Vine Street Brewing’s long-anticipated opening is nearly here, said Kemet Coleman, teasing a late March first pour for the taproom and brewhouse space, which sits adjacent to the city’s historic jazz district.
“It’s crazy to see something that for so long has been just an idea in our minds starting to become real,” said Coleman, who founded the brewery along with Elliott Ivory and Woodie Bonds, Jr.
The first Black-owned brewery in the city, state, and region, Vine Street Brewing is located in the south building of the 2000 Vine redevelopment, a 150-year old building which formerly housed the city’s street department.
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Although a few remaining elements of the construction process are still being finalized, Coleman said that the brewery has all it needs — tanks, kegs, and cold room storage — to start serving customers the last weekend in March.
The brewery’s flagship beer, the Jazz Man black lager, will become available to customers at locations across the city at the beginning of March, including in 10 to 12 bars, restaurants, and self-pour stations at the new airport, Coleman said.
“We’ll probably open our doors and be out in the market at the same time,” Coleman said. “It worked out well for us. We didn’t really anticipate going out to the market in Year 1, but it just worked out that way.”
The brewery plans to add more beers to its partner locations at the airport and elsewhere, Coleman added, but is still working with its distributor to determine when and which ones.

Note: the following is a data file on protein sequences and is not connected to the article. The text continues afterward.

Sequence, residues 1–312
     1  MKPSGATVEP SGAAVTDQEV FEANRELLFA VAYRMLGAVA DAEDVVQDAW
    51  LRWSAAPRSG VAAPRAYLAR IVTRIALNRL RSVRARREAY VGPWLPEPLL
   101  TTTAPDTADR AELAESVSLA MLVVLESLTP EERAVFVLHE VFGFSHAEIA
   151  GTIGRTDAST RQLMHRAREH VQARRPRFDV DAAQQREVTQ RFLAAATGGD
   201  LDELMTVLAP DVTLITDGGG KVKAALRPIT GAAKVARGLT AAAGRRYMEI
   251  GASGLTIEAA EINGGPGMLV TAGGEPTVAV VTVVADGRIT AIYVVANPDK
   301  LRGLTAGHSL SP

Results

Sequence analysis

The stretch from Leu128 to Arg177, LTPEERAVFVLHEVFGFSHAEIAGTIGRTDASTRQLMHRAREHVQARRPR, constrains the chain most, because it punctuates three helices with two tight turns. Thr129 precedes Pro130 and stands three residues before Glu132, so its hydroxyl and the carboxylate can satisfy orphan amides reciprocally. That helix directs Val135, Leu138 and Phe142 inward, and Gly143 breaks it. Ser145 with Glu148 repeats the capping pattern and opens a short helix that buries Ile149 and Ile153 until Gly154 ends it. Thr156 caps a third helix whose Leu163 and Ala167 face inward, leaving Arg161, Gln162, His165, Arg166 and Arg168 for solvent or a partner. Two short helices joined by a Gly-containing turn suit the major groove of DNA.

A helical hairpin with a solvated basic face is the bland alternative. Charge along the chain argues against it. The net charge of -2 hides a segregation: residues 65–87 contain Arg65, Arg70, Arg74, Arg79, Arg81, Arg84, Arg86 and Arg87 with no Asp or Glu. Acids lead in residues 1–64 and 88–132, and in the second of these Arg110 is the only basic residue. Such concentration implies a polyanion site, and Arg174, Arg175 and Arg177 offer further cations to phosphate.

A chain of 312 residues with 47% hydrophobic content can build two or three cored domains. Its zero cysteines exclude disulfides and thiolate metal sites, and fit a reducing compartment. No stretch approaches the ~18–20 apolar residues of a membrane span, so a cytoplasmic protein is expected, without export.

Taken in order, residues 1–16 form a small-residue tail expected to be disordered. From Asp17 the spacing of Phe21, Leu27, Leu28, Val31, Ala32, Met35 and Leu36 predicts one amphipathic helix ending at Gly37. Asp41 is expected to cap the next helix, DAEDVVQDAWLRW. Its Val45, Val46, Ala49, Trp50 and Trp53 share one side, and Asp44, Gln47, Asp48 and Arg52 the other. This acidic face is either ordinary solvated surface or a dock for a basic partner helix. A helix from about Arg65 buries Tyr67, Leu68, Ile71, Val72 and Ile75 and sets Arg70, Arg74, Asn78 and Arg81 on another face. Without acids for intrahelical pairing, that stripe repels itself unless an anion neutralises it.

At the brewhouse, the Jazz Man will debut as one of seven beers on tap, Coleman said, adding that the team was still determining which would become staples and which would be rotated seasonally.
The taproom near the Jazz District will feature two bars, one on each level of the 2000 Vine building, along with seating areas.
Check out a photo gallery below from the soon-to-launch Vine Street Brewing location, then keep reading.
Vine Street Brewing is expected to add more artwork, a live music area downstairs, and an outdoor beer garden, which remains under construction, to the space.
For now, though, the taproom gives the emerging brewery an opportunity to begin selling pints and hosting other breweries in the area for collaborations — an initiative through which Vine Street Brewing has already been particularly active and successful, Coleman said.
“I think collaboration is kind of in the DNA of the company,” he said. “I don’t see that stopping anytime soon. … Once we get open, we can actually host collaborations, so it can just become part of our schedule.”
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Coleman has begun putting together a tour program, he said, which would showcase the brewhouse and the 18th and Vine District more broadly.
“We’ve noticed that a lot of people have come to Vine Street Brewing just curious about 18th and Vine,” Coleman said. “Obviously, we want to make sure we’re plugged in and tapped into the neighborhood.”
The brewery is also exploring plans to host events, he added.
Despite an initial goal of opening in 2022, which was pushed back because of supply chain and construction challenges, Coleman said, the extra time allowed elements of the space to fall into place and ready Vine Street Brewing for success.
“I think we’re best positioned to be opening this time in March instead of anytime last year,” he said. “We’re really a strong team now, so I’m definitely looking forward to getting it going.”
To stay up-to-date with Vine Street Brewing’s opening, follow them on social media @vinestbrewingco or visit their website.